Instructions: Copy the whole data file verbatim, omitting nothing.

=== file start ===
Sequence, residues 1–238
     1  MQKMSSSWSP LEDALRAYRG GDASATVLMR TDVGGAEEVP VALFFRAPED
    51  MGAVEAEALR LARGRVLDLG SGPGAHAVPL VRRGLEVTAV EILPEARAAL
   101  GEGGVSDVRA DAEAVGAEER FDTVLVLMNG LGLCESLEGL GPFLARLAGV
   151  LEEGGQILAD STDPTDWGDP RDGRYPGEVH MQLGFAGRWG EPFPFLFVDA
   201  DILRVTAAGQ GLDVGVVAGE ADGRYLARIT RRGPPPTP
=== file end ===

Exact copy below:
Sequence, residues 1–238
     1  MQKMSSSWSP LEDALRAYRG GDASATVLMR TDVGGAEEVP VALFFRAPED
    51  MGAVEAEALR LARGRVLDLG SGPGAHAVPL VRRGLEVTAV EILPEARAAL
   101  GEGGVSDVRA DAEAVGAEER FDTVLVLMNG LGLCESLEGL GPFLARLAGV
   151  LEEGGQILAD STDPTDWGDP RDGRYPGEVH MQLGFAGRWG EPFPFLFVDA
   201  DILRVTAAGQ GLDVGVVAGE ADGRYLARIT RRGPPPTP